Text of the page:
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#### Mike Kruger

##### Guest

http://news.yahoo.com/s/ap/20051227...JkPLBIF;_ylu=X3oDMTA5aHJvMDdwBHNlYwN5bmNhdA--

KANSAS CITY, Mo. - A professor at the University of Missouri-Columbia is

being recognized for solving a math problem that had stumped his peers for

more than 40 years.

The achievement has landed Steven Hofmann an invitation to speak next spring

at the 2006 International Congress of Mathematicians in Madrid, Spain.

"It is like a baseball player being picked for the all-star team," Hofmann

said of the invitation to the event, which is held every four years.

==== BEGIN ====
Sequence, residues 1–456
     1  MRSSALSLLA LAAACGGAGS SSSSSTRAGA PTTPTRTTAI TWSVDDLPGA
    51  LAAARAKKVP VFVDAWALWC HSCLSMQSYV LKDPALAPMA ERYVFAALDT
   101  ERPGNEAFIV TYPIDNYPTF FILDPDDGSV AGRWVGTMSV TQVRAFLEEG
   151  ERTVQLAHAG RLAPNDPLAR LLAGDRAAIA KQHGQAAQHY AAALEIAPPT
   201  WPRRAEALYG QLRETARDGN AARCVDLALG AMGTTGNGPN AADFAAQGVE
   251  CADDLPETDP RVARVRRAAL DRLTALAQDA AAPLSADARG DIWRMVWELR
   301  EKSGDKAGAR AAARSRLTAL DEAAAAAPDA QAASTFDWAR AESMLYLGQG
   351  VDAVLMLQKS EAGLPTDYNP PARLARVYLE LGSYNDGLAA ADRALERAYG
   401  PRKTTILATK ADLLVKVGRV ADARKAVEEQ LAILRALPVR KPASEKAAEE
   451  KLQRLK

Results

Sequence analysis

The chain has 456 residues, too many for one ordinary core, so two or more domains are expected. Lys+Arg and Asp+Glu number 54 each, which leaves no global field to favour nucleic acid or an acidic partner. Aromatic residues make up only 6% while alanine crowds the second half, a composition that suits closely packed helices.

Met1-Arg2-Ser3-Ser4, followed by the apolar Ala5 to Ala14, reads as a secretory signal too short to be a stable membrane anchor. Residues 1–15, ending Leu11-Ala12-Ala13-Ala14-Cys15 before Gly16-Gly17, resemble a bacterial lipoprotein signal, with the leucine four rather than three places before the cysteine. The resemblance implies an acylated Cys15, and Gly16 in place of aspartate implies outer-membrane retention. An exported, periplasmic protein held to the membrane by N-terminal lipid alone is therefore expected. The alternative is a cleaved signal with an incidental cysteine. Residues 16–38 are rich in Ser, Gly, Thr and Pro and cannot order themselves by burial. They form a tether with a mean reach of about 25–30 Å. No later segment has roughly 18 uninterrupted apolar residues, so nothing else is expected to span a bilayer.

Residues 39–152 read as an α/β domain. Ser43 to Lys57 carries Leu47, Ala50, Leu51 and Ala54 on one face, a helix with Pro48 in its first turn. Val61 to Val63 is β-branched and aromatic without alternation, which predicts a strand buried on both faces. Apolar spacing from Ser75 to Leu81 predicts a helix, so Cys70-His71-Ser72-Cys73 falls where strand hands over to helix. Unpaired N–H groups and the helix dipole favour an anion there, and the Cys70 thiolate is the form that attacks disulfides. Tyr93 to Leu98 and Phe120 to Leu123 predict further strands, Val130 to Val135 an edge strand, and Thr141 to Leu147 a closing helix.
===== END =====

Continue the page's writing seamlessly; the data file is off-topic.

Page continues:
The problem, known as Kato's Conjecture, applies to the theory of waves

moving through different media, such as seismic waves traveling through

different types of rock. It bears the name of Tosio Kato, a now-deceased

mathematician at the University of California-Berkeley, who posed the

problem in research papers first written in 1953 and again in 1961.

.... the problem began to take over his life in 1996. Until he solved it in

2000, it was the last thing he thought about before he went to bed and the

first thing he thought about when he woke. He spent two to eight hours each

day on the problem, working periodically with several colleagues.

"I could be out for a bike ride, and I would be thinking about it," Hofmann

told The Kansas City Star. "Sometimes I would be doing something, get an

idea and have to stop ... and write it down."